ISM Dhanbad

Indian Institutes of Technology

The Indian Institutes of Technology (IITs), are a group of fourteen autonomous engineering and technology-oriented institutes of higher education established and declared as Institutes of National Importance by the Parliament of India. The IITs were created to train scientists and engineers, with the aim of developing a skilled workforce to support the economic and social development of India after independence in 1947. The students and alumni of IITs are colloquially referred to as IITians.

In order of establishment the Eight are located at Kharagpur, Mumbai, Chennai, Kanpur, Delhi, Guwahati, Roorkee and Patna. The Government of India has announced plans to add nine more IITs, to be established in states that don't yet have an IIT. Some IITs were established with financial assistance and technical expertise from UNESCO, Germany, the United States, and Soviet Union. Each IIT is an autonomous university, linked to the others through a common IIT Council, which oversees their administration. They have a common admission process for undergraduate admissions, using the Joint Entrance Examination (popularly known as IIT-JEE) to select around 4,000 undergraduate candidates a year. Postgraduate Admissions are done on the basis of the GATE, JMET, JAM and CEED. About 15,500 undergraduate and 12,000 graduate students study in the seven IITs, in addition to research scholars.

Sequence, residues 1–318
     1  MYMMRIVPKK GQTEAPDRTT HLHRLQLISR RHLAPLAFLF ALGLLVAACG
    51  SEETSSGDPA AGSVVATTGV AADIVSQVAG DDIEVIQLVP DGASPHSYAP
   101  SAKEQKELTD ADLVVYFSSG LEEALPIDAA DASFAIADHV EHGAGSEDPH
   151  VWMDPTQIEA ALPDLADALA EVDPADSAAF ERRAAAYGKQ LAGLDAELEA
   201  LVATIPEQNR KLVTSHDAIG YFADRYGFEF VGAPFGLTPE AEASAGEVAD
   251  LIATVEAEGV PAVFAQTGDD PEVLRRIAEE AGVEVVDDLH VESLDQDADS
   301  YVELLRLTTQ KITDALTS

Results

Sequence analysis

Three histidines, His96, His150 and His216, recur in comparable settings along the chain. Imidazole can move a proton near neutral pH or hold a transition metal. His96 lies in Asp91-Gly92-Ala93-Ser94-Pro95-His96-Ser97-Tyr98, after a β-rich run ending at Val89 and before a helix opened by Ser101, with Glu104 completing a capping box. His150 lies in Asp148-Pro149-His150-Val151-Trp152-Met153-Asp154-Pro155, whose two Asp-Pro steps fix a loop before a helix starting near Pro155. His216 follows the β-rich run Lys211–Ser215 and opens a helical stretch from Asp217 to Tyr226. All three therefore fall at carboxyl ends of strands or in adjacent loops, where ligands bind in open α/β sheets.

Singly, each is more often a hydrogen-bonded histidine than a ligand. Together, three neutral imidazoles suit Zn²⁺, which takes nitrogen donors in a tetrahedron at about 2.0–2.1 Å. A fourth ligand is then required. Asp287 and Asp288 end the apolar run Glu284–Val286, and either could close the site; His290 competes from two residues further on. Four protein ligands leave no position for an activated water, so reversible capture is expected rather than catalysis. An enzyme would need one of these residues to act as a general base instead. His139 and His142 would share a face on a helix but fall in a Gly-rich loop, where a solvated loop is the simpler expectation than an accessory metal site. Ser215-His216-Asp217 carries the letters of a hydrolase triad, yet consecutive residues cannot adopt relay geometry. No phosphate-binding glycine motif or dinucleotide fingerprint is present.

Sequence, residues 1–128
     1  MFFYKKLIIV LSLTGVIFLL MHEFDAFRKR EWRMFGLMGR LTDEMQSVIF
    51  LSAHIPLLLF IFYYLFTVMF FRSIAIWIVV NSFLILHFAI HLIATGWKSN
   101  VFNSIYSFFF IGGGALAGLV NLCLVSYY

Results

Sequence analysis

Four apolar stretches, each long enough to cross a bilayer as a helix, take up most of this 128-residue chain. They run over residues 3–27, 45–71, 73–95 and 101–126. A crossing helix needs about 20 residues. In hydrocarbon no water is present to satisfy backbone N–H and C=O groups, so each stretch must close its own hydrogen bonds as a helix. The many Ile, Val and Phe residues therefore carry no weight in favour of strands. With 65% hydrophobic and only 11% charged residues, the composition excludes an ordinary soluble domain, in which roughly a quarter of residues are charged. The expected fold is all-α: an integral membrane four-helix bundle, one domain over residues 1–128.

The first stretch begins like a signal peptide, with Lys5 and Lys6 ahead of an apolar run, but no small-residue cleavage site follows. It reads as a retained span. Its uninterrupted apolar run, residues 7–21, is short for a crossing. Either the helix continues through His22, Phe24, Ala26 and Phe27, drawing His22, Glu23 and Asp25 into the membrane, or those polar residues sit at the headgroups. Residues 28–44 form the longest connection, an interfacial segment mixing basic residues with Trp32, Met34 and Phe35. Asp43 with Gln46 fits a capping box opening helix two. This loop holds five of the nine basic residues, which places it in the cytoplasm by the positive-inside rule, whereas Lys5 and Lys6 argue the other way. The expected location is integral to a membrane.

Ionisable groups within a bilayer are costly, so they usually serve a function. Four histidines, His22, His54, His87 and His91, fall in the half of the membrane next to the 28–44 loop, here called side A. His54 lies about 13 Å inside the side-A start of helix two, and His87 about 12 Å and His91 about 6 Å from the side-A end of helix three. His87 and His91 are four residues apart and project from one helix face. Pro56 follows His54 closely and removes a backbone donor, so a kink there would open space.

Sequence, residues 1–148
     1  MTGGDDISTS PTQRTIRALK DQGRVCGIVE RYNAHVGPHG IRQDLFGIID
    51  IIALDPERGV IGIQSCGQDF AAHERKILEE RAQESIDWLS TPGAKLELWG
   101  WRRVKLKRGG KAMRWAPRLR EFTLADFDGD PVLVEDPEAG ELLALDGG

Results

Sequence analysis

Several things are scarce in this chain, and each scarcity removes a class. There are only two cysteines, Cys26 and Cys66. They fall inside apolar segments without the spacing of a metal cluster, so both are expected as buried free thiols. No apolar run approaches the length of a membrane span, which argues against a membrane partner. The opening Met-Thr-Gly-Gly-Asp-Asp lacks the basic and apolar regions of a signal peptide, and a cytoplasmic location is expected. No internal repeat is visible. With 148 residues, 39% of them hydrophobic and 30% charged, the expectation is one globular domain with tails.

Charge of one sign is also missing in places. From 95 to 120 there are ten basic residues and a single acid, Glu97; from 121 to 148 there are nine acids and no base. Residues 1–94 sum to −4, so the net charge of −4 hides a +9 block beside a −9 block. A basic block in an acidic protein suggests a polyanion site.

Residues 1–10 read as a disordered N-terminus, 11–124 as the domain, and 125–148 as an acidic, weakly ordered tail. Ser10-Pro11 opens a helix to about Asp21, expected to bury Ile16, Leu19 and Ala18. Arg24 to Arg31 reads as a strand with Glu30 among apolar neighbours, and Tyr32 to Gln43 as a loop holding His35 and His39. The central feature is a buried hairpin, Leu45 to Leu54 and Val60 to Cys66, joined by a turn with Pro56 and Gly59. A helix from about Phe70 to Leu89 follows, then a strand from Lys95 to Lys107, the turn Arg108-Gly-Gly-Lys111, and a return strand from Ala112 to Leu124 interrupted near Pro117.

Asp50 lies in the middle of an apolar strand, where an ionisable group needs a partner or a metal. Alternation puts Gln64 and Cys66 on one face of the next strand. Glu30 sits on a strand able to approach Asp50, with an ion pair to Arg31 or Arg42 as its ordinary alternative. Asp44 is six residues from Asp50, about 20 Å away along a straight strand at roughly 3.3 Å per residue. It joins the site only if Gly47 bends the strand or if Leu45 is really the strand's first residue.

IIT alumni have achieved success in a variety of professions. The autonomy of the IITs has helped them to create specialised degrees in technology at the undergraduate level, and consequently to award the Bachelor of Technology (B.Tech.) degree, as opposed to the Bachelor of Engineering (BE) degree awarded by most other Indian universities. The success of the IITs has led to the creation of similar institutes in other fields, such as the National Institutes of Technology, the Indian Institutes of Management and the Indian Institutes of Information Technology (IIIT).

The Institutes

The seven IITs are located in Kharagpur, Bombay, Madras, Kanpur, Delhi, Guwahati, and Roorkee. With the plan to setup eight more IITs in the states of Rajasthan, Bihar (Patna), Andhra Pradesh ( Hyderabad), Himachal Pradesh, Orissa (Bhubaneshwar), Madhya Pradesh (Indore), Gujarat (Gandhinagar) and Punjab, and the conversion of IT-BHU to an IIT, the total number of IITs will be increased to 16. Six of the eight proposed new IITs, namely, IIT-Rajasthan, IIT-Patna, IIT-Hyderabad, IIT-Bhubaneshwar, IIT-Gandhinagar and IIT-Punjab, are functional as of June 2008 and have admitted students for the 2008-'09 academic year. All IITs are autonomous universities that draft their own curricula, and they are members of LAOTSE, an international network of universities in Europe and Asia. LAOTSE membership allows the IITs to exchange students and senior scholars with universities in other countries.